Amongst the millions of Inquisiq users, several create their own lessons using a variety of authoring tools (Articulate, Captivate, etc.). Most of time, they simply upload these lessons (SCORM packages) into the LMS, and then import them to automatically create a course. For extremely large SCORM packages (200MB or more), Inquisiq has a “Fetch” feature that allows a server to server transfer. However, just because you can upload a large SCORM package, doesn’t mean that you should. Here’s why.
A 50MB SCORM package is generally considered a large SCORM package. If your SCORM package is larger than this, you should understand why, as this may become an issue for you and your users in the future. Is it because the lesson itself is a very lengthy lesson, or is it because the content within the lesson is large (like uncompressed HD quality video)? Lesson duration and content are the two main contributors to the final packaged size of your SCORM file.
A long lesson: Adult learning theory will tell you that a single lesson should be no more than 15 – 20 minutes. Statistically, this is about all the time we adults have to focus on one thing. If you make a long lesson, you risk the user dozing off or just losing retention of the information. If you provide a lesson containing multiple hours of content, consider it luck if your users remember the first 10 minutes. In addition, SCORM requires a continual Internet connection to run a lesson. The longer the lesson, the more chances your users have of momentarily dropping their Internet connection (too many users at the coffee shop). If you have built a course with a single lesson (more than 30 minutes long), simply break it up into several smaller 15-20 minutes lesson segments. Your users will feel they accomplish more by completing individual lessons and they will actually retain more of the information.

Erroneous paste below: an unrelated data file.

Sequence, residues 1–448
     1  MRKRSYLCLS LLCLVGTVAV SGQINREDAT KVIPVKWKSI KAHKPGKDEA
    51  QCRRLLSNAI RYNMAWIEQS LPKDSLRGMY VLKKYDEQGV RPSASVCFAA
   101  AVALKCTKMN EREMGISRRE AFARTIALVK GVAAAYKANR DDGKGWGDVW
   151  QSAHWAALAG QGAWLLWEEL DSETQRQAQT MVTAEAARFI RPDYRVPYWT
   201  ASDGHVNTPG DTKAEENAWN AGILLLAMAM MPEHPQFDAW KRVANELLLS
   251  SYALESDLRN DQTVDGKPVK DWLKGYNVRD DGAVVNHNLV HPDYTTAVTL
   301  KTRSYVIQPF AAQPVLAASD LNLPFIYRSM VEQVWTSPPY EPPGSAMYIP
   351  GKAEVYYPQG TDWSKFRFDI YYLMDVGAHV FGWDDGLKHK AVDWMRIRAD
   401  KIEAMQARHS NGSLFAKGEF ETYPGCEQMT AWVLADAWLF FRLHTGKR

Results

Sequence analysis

A huge file within the content: This is a common problem. You build a lesson with a huge embedded uncompressed HD video and now the SCORM file is so big, you experience “time out errors” when you attempt a conventional upload into Inquisiq. You then utilize the Fetch feature to upload it, however, you must consider the problem that your users might experience when they try to play it. Hey, you timed out trying to upload it, so don’t you think your users might have the same problems downloading it? At this point, try: assessing your content, compressing video files, and adjusting the size of screen view for video (full screen to 1/3 screen).
In reality, there is no reason that you need a full screen HD video of a talking head. Most authoring tools allow you to compress your video to “Internet Delivery” quality which should work for a majority of your content. If you really want to deploy HD content, consider breaking up your lesson into several smaller lessons, or instead of embedding your large file content inside your lesson, simply link to it. Most clients who have large videos put them on YouTube or Vimeo (any3rd party video site) and simply link the lesson slide to it. Plus, external video services usually have an auto detection feature which allows you to upload a high definition version, but scale it down based on your user’s connections when played. Allowing users with slow connections to access your lesson, but high speed users can watch the quality/HD version!
Take Away Tip of the Day: if you have problems uploading your content conventionally because of SCORM package size, consider it a red flag! Reevaluate the design of your lesson and explore the lesson consolidation tips above. In the end, it’s a win-win for users and admin alike!